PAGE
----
3) Mike Green’s injury. Published reports has Green joining the team on the upcoming road trip to condition with the team, but there is still no timetable on his return as he continues to sit, recovering reportedly from groin and ankle injuries.
In a twitter debate I had with The Washington Times Stephen Whyno Thursday, the beat reporter made a solid point that Green’s injury shouldn’t derail the team. He’s right. It shouldn’t. But it unquestionably has. Green is singular talent from the blue line in this league and the Caps base a lot of what they do off his ability to clear the defensive zone. They also build much of their power play around Green’s deft passing and big shot from the point, which has been missing since the eighth game of the season.
Green’s absence is not unlike a baseball team missing its cleanup hitter. It forces all the other players in the lineup, in this case his fellow blue-liners, one spot up in the order and reduces the team as a whole. None of the other defensemen have Green’s skill set, so everyone is one spot out of place right now. The Caps acquisition last year of Dennis Wideman and this year of Roman Hamrlik were supposed to take the heat off the Caps should the Caps sustain injuries to key defensemen like in last year’s playoffs, but Hamrlik has been a complete disappointment thus far (one goal, no assists, minus-11) and Wideman, though moderately productive scoring (5 G, 15 A), has looked lethargic and uninterested in his own end on too many occasions.
Are there other factors that are affecting the Capitals right now? Sure. They aren’t getting much production from Marcus Johansson. Same with Cody Eakin and Matthieu Perreault, who looked smaller than normal out there against Philadelphia Tuesday. The whole team is trying to adapt to Hunter’s (and new defensive coach Jim Johnson’s) tweaks in the systems. But if the team’s best players aren’t playing like it, the Caps are going to continue to struggle. The offense is far from the most pressing problem though, as the Caps sit sixth in the league in goals per game.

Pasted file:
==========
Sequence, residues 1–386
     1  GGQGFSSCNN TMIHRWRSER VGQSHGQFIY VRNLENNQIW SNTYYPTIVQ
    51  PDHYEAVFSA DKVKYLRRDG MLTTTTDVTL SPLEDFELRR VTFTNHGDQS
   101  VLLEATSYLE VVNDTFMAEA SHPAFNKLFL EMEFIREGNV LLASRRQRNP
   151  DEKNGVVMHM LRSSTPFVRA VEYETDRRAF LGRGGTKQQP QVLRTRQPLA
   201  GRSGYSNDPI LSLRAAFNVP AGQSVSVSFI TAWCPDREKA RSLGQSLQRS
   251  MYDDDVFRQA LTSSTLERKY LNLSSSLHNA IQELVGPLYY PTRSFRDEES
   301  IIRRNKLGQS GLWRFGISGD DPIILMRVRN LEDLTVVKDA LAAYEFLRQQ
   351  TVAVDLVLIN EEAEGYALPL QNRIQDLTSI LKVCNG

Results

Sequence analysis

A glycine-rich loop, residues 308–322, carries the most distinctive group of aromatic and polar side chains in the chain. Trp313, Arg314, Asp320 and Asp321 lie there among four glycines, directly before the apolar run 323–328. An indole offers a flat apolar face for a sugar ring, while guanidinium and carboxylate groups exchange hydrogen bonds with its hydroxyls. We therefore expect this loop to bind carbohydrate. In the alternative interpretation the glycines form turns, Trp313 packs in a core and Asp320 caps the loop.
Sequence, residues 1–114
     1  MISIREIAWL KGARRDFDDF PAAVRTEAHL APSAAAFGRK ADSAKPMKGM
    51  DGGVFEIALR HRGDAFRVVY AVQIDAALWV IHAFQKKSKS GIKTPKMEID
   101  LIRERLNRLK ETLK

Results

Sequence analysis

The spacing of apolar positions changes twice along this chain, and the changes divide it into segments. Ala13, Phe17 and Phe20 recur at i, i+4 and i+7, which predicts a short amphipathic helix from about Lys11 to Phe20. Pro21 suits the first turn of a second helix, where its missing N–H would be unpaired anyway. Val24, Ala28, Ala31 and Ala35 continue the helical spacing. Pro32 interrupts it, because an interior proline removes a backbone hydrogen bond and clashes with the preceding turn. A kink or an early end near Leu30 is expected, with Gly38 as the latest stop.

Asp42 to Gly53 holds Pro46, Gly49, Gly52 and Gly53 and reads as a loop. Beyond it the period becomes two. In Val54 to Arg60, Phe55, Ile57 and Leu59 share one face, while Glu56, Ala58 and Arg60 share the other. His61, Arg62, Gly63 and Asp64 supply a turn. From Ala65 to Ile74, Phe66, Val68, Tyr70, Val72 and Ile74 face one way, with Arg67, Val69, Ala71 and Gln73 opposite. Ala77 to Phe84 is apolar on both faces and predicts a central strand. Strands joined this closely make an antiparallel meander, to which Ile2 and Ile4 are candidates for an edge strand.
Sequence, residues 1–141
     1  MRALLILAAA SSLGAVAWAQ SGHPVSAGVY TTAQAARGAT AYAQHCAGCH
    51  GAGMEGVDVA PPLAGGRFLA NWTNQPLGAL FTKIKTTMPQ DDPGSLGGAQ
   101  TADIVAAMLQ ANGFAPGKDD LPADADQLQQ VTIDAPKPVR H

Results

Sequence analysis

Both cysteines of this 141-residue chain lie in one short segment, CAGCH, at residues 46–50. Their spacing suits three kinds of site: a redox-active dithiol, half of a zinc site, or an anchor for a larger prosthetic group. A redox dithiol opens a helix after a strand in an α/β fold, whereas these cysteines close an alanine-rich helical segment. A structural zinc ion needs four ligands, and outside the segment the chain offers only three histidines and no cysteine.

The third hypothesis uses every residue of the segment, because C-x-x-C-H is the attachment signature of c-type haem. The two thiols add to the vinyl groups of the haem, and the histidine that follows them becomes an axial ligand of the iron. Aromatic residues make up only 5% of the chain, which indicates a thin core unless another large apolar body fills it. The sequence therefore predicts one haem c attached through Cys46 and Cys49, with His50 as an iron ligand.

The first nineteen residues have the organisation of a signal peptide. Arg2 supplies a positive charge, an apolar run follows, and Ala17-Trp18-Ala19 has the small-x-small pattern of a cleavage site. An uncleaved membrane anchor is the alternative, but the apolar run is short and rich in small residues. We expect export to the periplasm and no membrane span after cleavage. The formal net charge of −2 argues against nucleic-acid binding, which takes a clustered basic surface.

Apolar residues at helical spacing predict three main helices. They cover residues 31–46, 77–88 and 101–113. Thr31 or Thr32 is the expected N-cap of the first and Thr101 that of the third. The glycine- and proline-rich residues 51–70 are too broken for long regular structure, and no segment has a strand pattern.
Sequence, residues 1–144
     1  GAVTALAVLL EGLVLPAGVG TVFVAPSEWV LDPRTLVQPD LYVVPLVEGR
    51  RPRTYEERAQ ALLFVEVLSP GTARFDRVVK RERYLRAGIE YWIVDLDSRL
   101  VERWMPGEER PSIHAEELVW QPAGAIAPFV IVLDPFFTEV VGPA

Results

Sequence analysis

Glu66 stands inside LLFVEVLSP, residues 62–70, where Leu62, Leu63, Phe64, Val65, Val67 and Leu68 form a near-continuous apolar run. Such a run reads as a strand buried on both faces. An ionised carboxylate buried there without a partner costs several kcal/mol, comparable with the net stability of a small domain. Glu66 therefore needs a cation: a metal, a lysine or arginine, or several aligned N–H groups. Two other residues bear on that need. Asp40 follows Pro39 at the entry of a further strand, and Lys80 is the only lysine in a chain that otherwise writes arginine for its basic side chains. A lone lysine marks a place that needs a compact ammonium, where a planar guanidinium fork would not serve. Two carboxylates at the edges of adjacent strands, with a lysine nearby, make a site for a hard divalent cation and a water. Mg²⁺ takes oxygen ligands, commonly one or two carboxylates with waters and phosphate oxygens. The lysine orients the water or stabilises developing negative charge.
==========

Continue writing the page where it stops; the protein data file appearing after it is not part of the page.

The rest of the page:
It’s not even Christmas yet, but it’s right around the corner. This is the time when NHL GMs really start looking at their rosters, trying to decide if they’re true contenders, playoff also-rans, or building for the future. The Caps really could settle into any of those three categories right now unless they get their act in gear, and you have to figure that GM George McPhee won’t go on too much longer without making some sort of personnel moves.
Against Philly, the Capitals were flat-out beaten by a better team. They played well the first ten minutes, but after the first goal trickled past Vokoun, they were beaten. They were handled physically, subjected to tossing 30 foot wrist shots in Ilya Bryzgalov’s general direction. There was no traffic. There were no screens. There were no second chances. Those things aren’t about talent. Those things are about desire, and the Caps didn’t show any of it against a fierce rival.
The Caps have a long way in the standings to get back to where they want to be. They aren’t out of anything… yet. There’s still time to right the ship. But as Yogi Berra might say, it gets late around here early. The Capitals just can’t have any more efforts like the one against Philadelphia, shutting down at the first sight of trouble. It’s okay to get beaten giving full effort. It’s completely something different giving up.